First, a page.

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Browsing named entities in a specific section of Titus Livius (Livy), The History of Rome, Book 1 (ed. Rev. Canon Roberts). Search the whole document.

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Washington (United States) (search for this): book 1, chapter 9
offspring, and there was no right of intermarriage with their neighbours. Acting on the advice of the senate, Romulus sent envoys amongst the surrounding nations to ask for alliance and the right of intermarriage on behalf of his new community. It was represented that cities, like everything else, sprung from the humblest beginnings, and those who were helped on by their own courage and the favour of heaven won for themselves great power and great renown. As to the origin of Rome, it was well known that whilst it had received divine assistance, courage and self-reliance were not wanting. There should, therefore, be no reluctance for men to mingle their blood with their fellow-men. Nowhere did the envoys meet with a favourable reception. Whilst their proposals were treated with contumely, there was at the same time a general feeling of alarm at the power so rapidly growing in their midst. Usually they were dismissed with the question, whether they had opened an as
Romulus (Michigan, United States) (search for this): book 1, chapter 9
procession in which the bride was led from her parents' house to her new home was attended by minstrels who invoked Tallassius in the nuptial song. Alarm and consternation broke up the games, and the parents of the maidens fled, distracted with grief, uttering bitter reproaches on the violators of the laws of hospitality and appealing to the god to whose solemn games they had come, only to be the victims of impious perfidy. The abducted maidens were quite as despondent and indignant. Romulus, however, went round in person, and pointed out to them that it was all owing to the pride of their parents in denying right of intermarriage to their neighbours. They would live in honourable wedlock, and share all their property and civil rights, and —dearest of all to human nature-would be the mothers of freemen. He begged them to lay aside their feelings of resentment and give their affections to those whom fortune had made masters of their persons. An injury had often led to rec
Romulus (New York, United States) (search for this): book 1, chapter 9
urs in war, but its greatness threatened to last for only one generation, since through the absence of women there was no hope of offspring, and there was no right of intermarriage with their neighbours. Acting on the advice of the senate, Romulus sent envoys amongst the surrounding nations to ask for alliance and the right of intermarriage on behalf of his new community. It was represented that cities, like everything else, sprung from the humblest beginnings, and those who were hemen, for nothing short of that would secure for them inter-marriage on equal terms. The Roman youth could ill brook such insults, and matters began to look like an appeal to force. To secure a favourable place and time for such an attempt, Romulus, disguising his resentment, made elaborate preparations for the celebration of games in honour of Equestrian Neptune, which he called the Consualia. He ordered public notice of the spectacle to be given amongst the adjoining cities, and h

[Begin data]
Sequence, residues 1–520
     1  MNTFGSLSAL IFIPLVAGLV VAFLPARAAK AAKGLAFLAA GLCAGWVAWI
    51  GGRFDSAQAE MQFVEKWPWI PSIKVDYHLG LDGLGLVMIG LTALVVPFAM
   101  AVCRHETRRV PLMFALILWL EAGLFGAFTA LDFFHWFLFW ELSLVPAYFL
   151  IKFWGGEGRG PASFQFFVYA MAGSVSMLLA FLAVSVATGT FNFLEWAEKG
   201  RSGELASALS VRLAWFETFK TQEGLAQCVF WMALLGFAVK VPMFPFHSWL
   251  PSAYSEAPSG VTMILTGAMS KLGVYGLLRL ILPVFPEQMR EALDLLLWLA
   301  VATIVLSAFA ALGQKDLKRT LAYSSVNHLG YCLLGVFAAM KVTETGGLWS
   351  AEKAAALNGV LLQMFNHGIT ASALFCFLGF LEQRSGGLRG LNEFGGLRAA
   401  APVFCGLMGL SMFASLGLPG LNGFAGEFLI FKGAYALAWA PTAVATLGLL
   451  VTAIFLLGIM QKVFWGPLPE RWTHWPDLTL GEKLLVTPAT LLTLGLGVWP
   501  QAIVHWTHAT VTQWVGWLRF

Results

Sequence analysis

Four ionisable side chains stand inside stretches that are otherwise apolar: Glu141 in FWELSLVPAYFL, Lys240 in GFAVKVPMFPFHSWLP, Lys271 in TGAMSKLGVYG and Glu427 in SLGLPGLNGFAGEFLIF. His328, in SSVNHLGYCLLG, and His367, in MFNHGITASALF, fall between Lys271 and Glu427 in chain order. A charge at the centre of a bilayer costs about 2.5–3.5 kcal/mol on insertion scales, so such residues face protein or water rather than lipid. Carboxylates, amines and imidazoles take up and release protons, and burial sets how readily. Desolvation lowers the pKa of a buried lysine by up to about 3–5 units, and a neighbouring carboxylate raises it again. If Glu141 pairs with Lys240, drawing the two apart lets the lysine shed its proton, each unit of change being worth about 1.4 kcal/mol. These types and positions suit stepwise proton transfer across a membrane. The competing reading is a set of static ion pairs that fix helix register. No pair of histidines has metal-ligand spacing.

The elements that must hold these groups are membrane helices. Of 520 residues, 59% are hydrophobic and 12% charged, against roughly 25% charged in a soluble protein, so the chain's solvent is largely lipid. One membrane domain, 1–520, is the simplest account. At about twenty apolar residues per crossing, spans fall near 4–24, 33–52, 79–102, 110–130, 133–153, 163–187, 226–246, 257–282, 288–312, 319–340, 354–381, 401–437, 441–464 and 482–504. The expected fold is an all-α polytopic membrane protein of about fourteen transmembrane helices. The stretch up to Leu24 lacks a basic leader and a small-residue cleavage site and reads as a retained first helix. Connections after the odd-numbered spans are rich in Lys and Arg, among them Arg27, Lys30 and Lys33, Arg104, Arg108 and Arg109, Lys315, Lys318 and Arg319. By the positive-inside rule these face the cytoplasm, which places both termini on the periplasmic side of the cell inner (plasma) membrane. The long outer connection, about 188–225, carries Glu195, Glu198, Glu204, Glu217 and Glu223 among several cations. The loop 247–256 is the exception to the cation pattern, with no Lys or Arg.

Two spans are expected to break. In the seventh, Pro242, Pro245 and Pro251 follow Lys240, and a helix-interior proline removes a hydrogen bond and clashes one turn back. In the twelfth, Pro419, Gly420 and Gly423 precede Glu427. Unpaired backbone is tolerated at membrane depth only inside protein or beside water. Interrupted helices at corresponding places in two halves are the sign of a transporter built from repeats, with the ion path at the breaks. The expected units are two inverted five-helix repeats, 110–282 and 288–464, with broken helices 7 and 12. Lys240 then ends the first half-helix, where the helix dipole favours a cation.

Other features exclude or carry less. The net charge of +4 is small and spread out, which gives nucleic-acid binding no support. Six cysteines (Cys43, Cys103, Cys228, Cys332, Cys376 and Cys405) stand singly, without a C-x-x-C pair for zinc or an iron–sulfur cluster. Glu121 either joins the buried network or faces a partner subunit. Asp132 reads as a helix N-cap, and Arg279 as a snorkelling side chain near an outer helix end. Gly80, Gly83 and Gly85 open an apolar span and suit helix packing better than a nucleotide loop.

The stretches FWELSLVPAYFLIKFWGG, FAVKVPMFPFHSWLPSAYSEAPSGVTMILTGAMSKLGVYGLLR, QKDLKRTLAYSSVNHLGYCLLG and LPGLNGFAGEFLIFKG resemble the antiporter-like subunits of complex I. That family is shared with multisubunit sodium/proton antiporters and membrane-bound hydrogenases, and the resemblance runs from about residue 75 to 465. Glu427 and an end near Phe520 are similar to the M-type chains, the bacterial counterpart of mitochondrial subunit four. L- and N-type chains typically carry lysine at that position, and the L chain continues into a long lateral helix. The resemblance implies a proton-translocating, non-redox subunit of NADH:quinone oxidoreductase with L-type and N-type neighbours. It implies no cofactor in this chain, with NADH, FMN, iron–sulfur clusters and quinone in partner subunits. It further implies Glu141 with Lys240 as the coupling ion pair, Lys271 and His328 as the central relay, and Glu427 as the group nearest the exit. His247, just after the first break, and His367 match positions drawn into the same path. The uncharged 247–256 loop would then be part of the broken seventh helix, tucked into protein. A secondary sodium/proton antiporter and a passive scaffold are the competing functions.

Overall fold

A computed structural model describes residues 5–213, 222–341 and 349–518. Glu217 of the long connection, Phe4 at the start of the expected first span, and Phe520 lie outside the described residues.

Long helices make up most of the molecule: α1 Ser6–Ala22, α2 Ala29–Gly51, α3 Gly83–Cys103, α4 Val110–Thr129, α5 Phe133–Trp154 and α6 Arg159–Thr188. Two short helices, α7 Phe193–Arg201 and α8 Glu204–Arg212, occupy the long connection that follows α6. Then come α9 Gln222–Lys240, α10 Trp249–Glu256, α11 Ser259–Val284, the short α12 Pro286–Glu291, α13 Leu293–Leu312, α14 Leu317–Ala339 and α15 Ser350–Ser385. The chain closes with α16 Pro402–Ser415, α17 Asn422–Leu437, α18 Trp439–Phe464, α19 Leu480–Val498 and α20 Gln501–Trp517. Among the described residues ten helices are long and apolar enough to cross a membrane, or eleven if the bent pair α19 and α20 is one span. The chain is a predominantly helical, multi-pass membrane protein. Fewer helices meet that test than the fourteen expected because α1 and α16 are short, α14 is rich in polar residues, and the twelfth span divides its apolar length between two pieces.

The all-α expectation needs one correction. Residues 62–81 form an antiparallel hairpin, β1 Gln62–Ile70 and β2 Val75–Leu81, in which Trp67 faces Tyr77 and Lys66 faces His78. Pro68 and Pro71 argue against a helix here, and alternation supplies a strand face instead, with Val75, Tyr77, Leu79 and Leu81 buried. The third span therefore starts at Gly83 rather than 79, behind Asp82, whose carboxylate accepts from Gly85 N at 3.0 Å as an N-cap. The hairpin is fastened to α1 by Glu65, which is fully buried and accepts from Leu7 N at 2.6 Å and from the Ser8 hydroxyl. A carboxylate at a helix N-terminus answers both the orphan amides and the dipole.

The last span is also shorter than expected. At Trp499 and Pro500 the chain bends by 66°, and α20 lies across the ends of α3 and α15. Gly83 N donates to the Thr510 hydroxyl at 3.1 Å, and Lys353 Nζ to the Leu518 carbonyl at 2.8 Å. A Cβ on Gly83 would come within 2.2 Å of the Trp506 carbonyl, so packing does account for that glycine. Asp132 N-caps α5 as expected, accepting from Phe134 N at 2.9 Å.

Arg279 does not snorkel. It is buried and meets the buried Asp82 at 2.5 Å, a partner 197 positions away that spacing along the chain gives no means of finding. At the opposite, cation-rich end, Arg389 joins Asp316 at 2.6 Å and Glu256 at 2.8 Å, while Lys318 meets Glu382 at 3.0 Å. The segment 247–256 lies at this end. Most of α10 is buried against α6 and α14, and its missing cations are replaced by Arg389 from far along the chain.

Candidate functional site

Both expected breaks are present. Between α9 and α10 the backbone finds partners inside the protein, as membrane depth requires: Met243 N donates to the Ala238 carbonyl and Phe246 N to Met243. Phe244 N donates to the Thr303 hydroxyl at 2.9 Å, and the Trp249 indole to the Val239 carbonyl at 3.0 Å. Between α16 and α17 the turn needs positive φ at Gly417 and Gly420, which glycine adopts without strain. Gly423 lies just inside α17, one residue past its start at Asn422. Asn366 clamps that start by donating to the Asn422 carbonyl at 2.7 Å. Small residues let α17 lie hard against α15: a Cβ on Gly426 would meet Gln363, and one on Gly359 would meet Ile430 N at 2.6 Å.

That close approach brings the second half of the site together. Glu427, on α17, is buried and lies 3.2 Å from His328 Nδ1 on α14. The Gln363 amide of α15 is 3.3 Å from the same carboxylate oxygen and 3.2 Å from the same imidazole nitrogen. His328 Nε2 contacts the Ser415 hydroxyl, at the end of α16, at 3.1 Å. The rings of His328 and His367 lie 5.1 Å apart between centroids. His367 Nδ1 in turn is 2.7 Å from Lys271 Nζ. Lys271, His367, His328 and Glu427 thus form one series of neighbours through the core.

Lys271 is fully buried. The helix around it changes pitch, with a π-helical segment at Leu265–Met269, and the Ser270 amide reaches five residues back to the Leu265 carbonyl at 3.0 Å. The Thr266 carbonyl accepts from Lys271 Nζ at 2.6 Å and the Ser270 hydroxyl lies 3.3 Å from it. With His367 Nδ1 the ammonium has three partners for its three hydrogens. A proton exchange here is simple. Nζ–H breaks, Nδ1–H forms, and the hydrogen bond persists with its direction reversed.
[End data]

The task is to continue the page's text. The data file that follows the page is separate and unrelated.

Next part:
Neptune (New Jersey, United States) (search for this): book 1, chapter 9
the power so rapidly growing in their midst. Usually they were dismissed with the question, whether they had opened an asylum for women, for nothing short of that would secure for them inter-marriage on equal terms. The Roman youth could ill brook such insults, and matters began to look like an appeal to force. To secure a favourable place and time for such an attempt, Romulus, disguising his resentment, made elaborate preparations for the celebration of games in honour of Equestrian Neptune, which he called the Consualia. He ordered public notice of the spectacle to be given amongst the adjoining cities, and his people supported him in making the celebration as magnificent as their knowledge and resources allowed, so that expectations were raised to the highest pitch. There was a great gathering; people were eager to see the new City, all their nearest neighbours-the people of Caenina, Antemnae, and Crustumerium-were there, and the whole Sabine population came, w
Sabine (United States) (search for this): book 1, chapter 9
nour of Equestrian Neptune, which he called the Consualia. He ordered public notice of the spectacle to be given amongst the adjoining cities, and his people supported him in making the celebration as magnificent as their knowledge and resources allowed, so that expectations were raised to the highest pitch. There was a great gathering; people were eager to see the new City, all their nearest neighbours-the people of Caenina, Antemnae, and Crustumerium-were there, and the whole Sabine population came, with their wives and families. They were invited to accept hospitality at the different houses, and after examining the situation of the City, its walls and the large number of dwelling-houses it included, they were astonished at the rapidity with which the Roman State had grown. When the hour for the games had come, and their eyes and minds were alike riveted on the spectacle before them, the preconcerted signal was given and the Roman youth dashed in all direct